Japanese engineer brings Potterheads one step closer to playing the sport of their dreams.
After an entire generation grew up with Harry Potter, subsequently many of us would have given anything to play the Wizarding sport of Quidditch. How many official teams have popped up at colleges and high schools around the world? More than 300, according to the International Quidditch Association which was founded in 2010 and now hosts nine regional championships, the World Cup, the International Open, Global Games and Quidcon (the only Quidditch convention).
In a world without flying broomsticks or gravity-defying Quaffles (or Bludgers or Golden Snitches), this real life version of everyone’s favorite fictional sport is sufficient enough. But this writer doesn’t know a single person who wouldn’t love to play the magical version.
Meanwhile, Jun Rekimoto, with the help of a team from the University of Tokyo, has unveiled an incredible new Hoverball. As you might have guessed from the name, the ball can float. Additionally, the invention is capable of moving in various directions, and deviating in course instantly. Sound familiar? Powered by a quadcopter, ball is currently remote control operated, however further developments will allow for pre-programming. The inventor is hoping the hoverball will broaden sports possibilities for people with disabilities.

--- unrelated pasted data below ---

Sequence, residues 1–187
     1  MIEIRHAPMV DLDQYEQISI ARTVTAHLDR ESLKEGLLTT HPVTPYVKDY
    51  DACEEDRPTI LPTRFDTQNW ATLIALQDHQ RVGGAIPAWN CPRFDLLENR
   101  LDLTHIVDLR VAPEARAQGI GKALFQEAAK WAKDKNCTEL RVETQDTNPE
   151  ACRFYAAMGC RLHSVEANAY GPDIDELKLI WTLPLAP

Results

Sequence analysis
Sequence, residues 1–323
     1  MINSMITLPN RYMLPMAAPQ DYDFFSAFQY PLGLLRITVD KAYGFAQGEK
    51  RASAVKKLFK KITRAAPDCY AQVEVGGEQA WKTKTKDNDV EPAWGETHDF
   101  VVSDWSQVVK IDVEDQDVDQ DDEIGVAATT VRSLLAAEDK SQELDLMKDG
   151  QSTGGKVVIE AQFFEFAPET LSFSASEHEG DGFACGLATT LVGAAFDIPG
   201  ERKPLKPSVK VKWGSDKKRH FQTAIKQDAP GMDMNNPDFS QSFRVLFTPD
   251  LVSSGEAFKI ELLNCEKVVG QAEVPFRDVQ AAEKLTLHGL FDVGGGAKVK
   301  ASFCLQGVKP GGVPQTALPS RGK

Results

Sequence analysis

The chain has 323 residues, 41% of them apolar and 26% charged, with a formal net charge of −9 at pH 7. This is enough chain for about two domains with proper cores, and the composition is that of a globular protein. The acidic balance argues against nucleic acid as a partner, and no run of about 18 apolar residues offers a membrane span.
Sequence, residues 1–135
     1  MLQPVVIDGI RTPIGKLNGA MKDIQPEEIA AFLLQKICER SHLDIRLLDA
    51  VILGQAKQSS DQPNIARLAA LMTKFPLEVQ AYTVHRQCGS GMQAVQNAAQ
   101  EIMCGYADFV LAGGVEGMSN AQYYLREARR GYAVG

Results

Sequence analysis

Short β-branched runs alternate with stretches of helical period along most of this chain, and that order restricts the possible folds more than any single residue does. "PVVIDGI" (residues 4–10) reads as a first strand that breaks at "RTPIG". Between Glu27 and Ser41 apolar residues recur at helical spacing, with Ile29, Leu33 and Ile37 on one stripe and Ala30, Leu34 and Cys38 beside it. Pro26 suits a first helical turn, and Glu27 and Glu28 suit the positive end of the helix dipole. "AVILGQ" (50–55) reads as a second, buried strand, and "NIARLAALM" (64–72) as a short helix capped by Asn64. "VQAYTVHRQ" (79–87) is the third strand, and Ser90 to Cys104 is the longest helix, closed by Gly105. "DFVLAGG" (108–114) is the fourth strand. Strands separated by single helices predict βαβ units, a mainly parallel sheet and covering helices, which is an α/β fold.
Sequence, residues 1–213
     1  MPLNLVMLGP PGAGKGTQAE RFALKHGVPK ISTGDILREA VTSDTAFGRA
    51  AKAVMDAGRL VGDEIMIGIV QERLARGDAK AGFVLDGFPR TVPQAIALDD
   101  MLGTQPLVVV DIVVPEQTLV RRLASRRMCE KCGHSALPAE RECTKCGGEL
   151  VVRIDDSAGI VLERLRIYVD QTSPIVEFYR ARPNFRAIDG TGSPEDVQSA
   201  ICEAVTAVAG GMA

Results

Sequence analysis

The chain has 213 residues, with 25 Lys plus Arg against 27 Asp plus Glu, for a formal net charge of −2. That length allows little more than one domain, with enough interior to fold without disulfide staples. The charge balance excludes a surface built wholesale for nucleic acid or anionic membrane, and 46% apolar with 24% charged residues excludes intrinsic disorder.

“With this technology, physical dynamics of a ball can be re-programmed by sports designers, and new ball-playing vocabularies, such as hovering, anti-gravity, proximity, or remote manipulation, can be introduced to extend the way people interact with balls,” -Rekimoto
Give it a few years and we might have a working quaffle on our hands. Now, if they would just get to work on a flying broomstick….alright, it might take 25 or 50 years before we have the capability for the game. Personally, though, this writer would risk a broken hip for the opportunity.